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Do Economic and Financial Development Increase Carbon Emission in Pakistan: Empirical Analysis through ARDL Cointegration and VECM Causality

Shahzad, Syed Jawad Hussain and Rehman, Mobeen Ur and Hurr, Maryam and Zakaria, Muhammad (2014): Do Economic and Financial Development Increase Carbon Emission in Pakistan: Empirical Analysis through ARDL Cointegration and VECM Causality.

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Abstract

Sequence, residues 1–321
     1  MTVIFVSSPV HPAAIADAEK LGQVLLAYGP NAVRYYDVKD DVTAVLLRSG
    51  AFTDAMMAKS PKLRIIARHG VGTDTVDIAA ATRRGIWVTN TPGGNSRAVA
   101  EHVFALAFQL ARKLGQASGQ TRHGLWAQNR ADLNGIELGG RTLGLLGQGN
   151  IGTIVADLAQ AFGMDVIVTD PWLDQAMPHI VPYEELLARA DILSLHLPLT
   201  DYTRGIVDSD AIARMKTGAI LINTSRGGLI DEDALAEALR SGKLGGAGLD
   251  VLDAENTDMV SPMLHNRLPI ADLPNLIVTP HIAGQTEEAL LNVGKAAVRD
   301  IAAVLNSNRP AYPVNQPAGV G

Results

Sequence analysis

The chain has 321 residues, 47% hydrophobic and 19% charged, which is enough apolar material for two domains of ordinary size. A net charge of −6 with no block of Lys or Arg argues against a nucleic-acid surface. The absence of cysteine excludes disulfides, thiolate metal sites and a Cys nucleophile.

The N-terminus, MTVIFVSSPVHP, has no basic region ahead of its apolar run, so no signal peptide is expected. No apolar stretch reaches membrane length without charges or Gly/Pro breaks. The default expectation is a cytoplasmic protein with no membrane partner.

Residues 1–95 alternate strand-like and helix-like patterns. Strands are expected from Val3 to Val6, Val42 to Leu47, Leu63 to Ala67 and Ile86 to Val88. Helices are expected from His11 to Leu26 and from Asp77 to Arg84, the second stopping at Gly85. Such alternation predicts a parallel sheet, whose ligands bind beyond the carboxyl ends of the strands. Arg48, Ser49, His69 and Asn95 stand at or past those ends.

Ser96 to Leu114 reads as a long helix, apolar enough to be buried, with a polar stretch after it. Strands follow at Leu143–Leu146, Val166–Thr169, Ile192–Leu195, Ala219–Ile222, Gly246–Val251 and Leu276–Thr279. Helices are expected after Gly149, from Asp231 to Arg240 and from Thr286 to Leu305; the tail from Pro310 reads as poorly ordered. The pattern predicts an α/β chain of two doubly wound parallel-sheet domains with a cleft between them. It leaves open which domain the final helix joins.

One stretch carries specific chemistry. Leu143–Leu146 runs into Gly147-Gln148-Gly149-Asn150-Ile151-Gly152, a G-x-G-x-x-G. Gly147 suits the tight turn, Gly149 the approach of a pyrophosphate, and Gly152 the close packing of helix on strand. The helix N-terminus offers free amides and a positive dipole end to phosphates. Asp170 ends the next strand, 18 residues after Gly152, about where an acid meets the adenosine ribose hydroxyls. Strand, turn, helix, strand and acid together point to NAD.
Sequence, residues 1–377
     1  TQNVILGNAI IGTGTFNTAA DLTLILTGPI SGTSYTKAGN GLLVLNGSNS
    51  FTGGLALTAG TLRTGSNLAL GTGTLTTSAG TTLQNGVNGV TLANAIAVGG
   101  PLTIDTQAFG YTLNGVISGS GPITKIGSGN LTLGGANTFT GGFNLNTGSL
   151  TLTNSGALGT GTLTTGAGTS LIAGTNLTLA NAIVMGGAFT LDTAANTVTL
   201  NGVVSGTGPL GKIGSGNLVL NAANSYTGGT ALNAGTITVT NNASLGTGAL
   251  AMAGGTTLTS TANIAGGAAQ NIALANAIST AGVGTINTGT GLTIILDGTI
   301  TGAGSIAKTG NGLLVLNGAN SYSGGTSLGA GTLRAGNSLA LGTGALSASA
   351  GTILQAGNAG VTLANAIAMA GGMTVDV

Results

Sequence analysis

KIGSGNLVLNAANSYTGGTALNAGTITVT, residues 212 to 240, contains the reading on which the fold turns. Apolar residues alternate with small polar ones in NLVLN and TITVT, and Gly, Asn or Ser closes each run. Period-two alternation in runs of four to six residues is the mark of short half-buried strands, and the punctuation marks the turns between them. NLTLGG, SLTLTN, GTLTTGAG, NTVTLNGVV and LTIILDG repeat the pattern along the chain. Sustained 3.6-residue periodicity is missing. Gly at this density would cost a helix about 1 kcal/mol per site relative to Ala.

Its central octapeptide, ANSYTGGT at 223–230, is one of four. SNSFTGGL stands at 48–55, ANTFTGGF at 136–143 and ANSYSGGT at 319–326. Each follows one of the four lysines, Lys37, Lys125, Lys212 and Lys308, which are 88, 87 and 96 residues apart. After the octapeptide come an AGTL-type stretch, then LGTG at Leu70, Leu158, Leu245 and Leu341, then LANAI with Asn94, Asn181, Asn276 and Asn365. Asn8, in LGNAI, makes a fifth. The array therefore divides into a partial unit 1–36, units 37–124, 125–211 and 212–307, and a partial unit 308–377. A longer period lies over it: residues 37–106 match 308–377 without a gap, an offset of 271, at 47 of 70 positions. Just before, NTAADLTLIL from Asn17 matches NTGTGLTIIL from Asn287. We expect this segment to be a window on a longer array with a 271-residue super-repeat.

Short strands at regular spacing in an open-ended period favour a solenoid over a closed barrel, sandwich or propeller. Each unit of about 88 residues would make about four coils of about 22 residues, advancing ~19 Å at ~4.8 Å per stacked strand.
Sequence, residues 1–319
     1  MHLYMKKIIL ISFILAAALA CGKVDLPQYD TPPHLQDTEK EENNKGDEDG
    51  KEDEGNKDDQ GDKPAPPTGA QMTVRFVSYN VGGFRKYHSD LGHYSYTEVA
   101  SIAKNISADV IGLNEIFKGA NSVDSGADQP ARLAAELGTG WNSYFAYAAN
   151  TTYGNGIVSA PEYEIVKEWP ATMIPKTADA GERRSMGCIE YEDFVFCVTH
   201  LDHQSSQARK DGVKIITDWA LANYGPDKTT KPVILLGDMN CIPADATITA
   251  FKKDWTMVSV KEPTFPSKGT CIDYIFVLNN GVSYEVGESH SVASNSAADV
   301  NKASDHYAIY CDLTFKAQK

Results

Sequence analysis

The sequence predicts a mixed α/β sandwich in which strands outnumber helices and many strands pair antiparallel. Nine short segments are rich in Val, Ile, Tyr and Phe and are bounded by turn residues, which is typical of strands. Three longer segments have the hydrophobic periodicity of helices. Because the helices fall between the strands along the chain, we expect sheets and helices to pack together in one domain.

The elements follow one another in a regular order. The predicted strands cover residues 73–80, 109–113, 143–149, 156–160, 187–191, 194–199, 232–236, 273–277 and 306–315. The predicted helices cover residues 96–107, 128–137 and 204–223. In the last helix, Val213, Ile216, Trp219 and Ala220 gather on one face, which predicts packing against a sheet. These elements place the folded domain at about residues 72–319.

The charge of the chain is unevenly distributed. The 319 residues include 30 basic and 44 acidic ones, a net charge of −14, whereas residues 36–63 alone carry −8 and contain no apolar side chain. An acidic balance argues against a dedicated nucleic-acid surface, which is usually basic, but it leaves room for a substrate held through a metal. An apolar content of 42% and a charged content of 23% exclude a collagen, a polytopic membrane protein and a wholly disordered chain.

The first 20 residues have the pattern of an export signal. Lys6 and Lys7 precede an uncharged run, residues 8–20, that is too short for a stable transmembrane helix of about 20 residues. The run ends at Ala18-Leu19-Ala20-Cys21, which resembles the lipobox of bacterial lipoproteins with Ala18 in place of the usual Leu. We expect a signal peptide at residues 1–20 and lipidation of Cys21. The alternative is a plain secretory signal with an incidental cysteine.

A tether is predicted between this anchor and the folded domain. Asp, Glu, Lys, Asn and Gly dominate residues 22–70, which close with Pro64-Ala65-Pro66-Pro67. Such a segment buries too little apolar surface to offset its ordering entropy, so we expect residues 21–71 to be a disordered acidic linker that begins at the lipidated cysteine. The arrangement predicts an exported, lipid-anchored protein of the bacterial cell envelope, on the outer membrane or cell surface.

This empirical study is an effort to establish cointegration and causality between carbon emissions, economic growth, energy consumption, financial development and trade openness in Pakistan. Lack of environmental protection laws, energy crises and resulting lower economic growth make Pakistan a unique setting to study the country specific reactions among the variables. The annual data after the separation of Bangladesh from 1973 to 2011 is used for the empirical work. The stationarity of the variables with structural breaks is analyzed. The Auto-regressive Bound Testing (ARDL) approach to cointegration is used to determine the cointegration relation. Fully Modified Ordinary Least Square (FMOLS) and Dynamic OLS (DLOS) cointegration equations are applied to estimate long run co-efficients. Short run relationship is determined through Vector Error Correction (VEC) based Granger causality, Variance Decomposition Analysis (VDA) and Impulse Response Function (IRF). After confirmation of cointegration between the variables, long term estimations confirm that economic growth and energy consumption increase the carbon emissions. Economic growth, energy consumption and trade openness Granger cause carbon emission in short run. There is unidirectional causality running from financial development and energy consumption to economic growth. Financial development is caused by carbon emissions and trade openness. Trade openness also Granger causes energy consumption. There is a bi-directional causality between financial development and energy consumption in Pakistan. Hence, the efforts to overcome energy crises and foster the economic growth require considerable attention to the carbon emissions; the best policy is to improve the situation through alternate energy resources i.e. Coal, Liquefied Petroleum Gas (LPG) and Liquefied Natural Gas (LNG). There is a need to introduce conservation policies so that wastage and spillovers of energy resources can be minimize. Efficient use of scarce energy resources will not only reduce the environment degradation but will also help to foster the economic growth. The environmental protection laws require proper enforcement.

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